Izvestiya of Saratov University.

Physics

ISSN 1817-3020 (Print)
ISSN 2542-193X (Online)


For citation:

Choi M. O., Postnov D. E. Method for determining significant components for assessing pulse wave shape variability. Izvestiya of Sarat. Univ. Physics. , 2021, vol. 21, iss. 1, pp. 36-47. DOI: 10.18500/1817-3020-2021-21-1-36-47

This is an open access article distributed under the terms of Creative Commons Attribution 4.0 International License (CC-BY 4.0).
Published online: 
31.03.2021
Full text:
(downloads: 21)
Language: 
Russian
Article type: 
Article
UDC: 
577.31:577.35:53.047

Method for determining significant components for assessing pulse wave shape variability

Autors: 
Choi Marya Olegovna, Saratov State University
Postnov Dmitry Engelevich, Saratov State University
Abstract: 

Background and Objectives: The conventional approach to the quantification of the pulse wave is based on the assessment of the features of its shape within each beat to beat heart interval. Usually, a set of indices is calculated (such as heart efficiency index, reflection index, stiffness index), which are determined by the reference points of the wave contour. We have developed an alternative method aimed to analyze the variability of the pulse waveform regardless of the variability of its rhythm. A distinctive feature of the method is that the classical spectral analysis tool – the Fourier series expansion in harmonic functions – is used not for frequency analysis, but for describing the features of the pulse waveform, regardless of its frequency-time characteristics. Materials and Methods: The data is represented by the signal as separate sets of fragments, each of which corresponds to one cardiointerval. Further, information about the current heart rate, including its variability, is removed from the data. We do this by resampling each cardiointerval by the same predetermined number of samples. The shape variability of each waveform is quantified by calculating the amplitudes and phases of the harmonics of each waveform as a representative of a strictly periodic sequence. This is an important point, since the original pulse wave signal belongs to the class of random signals and for it, as for the whole, the amplitude and phase of the Fourier spectra are not determined. As a result of the procedure, the analysis of the pulse waveform for each cardiointerval is reduced to the analysis of the amplitude and phases of the required number of harmonics. The method described above was used to process the data of an experiment aimed at quantitatively calculating the relationship between the central and distal pulses. The measurements were carried out on a group of 16 healthy volunteers aged 20–35 years after being in a calm state for 20 minutes. Then, rheographic signals were synchronously recorded from three points on the human skin surface (aortic region, wrist and distal phalanx of the finger). Results: The study revealed significant differences in the stability of the shape of the pulse waves recorded in different parts of the vascular bed, which is expressed in different degrees of variability of their main components. It is important that the central pulse has a smaller number of significant harmonics in comparison with the distal one, and is more stable at the first 4 harmonics containing the main signal power. Conclusion: We proposed and tested a method for analyzing the variability of the pulse waveform, based on the harmonic analysis of the re-sampled signal for each of the cardiointervals, aimed at studying the variability of the pulse waveform separately from the variability of its rhythm. The obtained quantitative data on the stability of the harmonics of the central pulse wave indicate the prospects for further development of the transfer function method in the problem of restoring the shape of the central pulse based on distal measurements.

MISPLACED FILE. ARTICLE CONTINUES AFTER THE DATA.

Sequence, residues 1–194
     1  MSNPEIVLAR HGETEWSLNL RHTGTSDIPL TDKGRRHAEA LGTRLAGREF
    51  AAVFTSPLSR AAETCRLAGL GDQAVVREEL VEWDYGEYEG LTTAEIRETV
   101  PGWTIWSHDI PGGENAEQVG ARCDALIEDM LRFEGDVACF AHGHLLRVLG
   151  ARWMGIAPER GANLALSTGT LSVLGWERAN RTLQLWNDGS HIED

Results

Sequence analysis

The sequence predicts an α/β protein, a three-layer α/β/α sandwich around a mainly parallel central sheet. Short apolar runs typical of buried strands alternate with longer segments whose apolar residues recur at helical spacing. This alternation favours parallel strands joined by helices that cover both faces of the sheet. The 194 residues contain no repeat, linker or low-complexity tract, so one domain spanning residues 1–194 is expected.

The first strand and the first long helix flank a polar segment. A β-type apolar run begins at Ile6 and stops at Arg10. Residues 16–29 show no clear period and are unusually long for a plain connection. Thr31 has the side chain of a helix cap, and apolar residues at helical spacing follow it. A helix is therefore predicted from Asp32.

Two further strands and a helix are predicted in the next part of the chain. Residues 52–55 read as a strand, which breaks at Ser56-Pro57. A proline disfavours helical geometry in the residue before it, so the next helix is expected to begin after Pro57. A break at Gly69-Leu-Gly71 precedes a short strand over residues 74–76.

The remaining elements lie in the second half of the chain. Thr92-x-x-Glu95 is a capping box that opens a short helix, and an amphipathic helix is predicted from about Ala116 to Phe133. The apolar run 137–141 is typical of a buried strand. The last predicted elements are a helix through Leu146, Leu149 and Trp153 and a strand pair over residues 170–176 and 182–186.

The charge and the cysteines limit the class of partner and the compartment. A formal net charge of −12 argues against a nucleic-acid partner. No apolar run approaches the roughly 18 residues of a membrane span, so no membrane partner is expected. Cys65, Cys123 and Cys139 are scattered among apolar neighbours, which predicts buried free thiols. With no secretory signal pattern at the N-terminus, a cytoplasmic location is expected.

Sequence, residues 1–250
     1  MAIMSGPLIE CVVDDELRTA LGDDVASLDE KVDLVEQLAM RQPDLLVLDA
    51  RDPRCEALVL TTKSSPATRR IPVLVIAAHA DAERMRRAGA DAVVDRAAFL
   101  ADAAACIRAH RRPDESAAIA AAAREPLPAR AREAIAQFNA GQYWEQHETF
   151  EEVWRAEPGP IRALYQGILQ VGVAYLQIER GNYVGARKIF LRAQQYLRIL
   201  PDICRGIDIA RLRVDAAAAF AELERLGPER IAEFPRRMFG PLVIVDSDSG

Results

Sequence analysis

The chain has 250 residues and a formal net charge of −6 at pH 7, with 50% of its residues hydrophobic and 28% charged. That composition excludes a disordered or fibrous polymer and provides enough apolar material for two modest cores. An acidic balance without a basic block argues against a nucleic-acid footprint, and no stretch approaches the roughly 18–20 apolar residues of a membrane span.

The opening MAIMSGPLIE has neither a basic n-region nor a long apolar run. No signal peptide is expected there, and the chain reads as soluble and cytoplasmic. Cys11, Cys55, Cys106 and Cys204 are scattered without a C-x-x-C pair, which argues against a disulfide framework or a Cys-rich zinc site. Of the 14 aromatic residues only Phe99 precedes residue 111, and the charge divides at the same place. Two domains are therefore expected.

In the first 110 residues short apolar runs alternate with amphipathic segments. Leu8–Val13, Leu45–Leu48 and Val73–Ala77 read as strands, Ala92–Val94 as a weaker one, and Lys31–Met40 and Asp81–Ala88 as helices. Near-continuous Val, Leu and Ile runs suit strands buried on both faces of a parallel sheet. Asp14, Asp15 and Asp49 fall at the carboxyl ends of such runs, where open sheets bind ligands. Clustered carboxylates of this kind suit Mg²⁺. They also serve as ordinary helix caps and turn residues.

Acknowledgments: 
The authors are grateful to Professor Victor A. Klochkov (Saratov State Medical University named after V. I. Razumovsky) for the help in organizing experiments and useful discussions.
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Received: 
31.10.2020
Accepted: 
21.01.2021
Published: 
31.03.2021